It's not just humans who can count: Newly published research suggests chicks seem to have a number sense, too.
Scientists found that chicks seem to count upward, moving from left to right. They put smaller numbers on the left, and larger numbers on the right — the same mental representation of the number line that humans use.
"Our results suggest a rethinking of the relationship between numerical abilities and verbal language, providing further evidence that language and culture are not necessary for the development of a mathematical cognition," said study lead author Rosa Rugani, a psychologist at the University of Padova in Italy. [5 Seriously Mind-Boggling Math Facts]
The left-to-right way of thinking about ascending numbers seems to be embedded in people's mental representations of numbers, but it's not clear exactly why. Is it an artifact of some long-lost accident of history, or is it a fundamental aspect of the way the brain processes numbers?
To help answer those questions, Rugani and her colleagues trained 3-day-old chicks to travel around a screen panel with five dots on it to get to a food treat behind it. This made the five-dot panel an anchor number that the chicks could use for comparison with other numbers.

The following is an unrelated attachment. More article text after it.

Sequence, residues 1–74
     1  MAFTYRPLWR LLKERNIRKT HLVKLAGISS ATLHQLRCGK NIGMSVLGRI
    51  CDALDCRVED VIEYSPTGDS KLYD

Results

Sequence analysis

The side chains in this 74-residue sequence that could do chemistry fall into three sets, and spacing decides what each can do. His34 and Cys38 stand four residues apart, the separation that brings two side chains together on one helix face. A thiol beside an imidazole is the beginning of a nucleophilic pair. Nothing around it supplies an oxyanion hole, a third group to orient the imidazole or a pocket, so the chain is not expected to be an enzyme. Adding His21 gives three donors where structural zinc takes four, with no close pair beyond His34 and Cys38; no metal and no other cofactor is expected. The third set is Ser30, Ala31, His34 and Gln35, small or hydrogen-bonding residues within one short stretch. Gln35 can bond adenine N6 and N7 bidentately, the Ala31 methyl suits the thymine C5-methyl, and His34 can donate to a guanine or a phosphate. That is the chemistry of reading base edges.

After the chicks learned that the five-dot panel meant food, the researchers removed that panel and then placed the chicks in front of two panels, one to the left and the other to the right, that each had two dots. The chicks tended to go to the left panel, suggesting that they mentally represent numbers smaller than five as being to the left of five.
When the researchers put the chicks in front of two panels that each had eight dots, the chicks walked to the panel on the right. This suggests the chicks mentally represent numbers larger than five as being to the right of five, the researchers said.
In a second experiment, the researchers repeated the whole process, but started with a panel that had 20 dots instead of five. They then added two other panels that had either eight or 32 dots. Sure enough, the baby chicks tended to go to the left when the screens had just eight dots, and to the right when they had 32 dots, according to the findings published in this week's issue of the journal Science.
"I would not at all be surprised that the number spatial mapping is also found in other animals, and in newborn infants," Rugani said.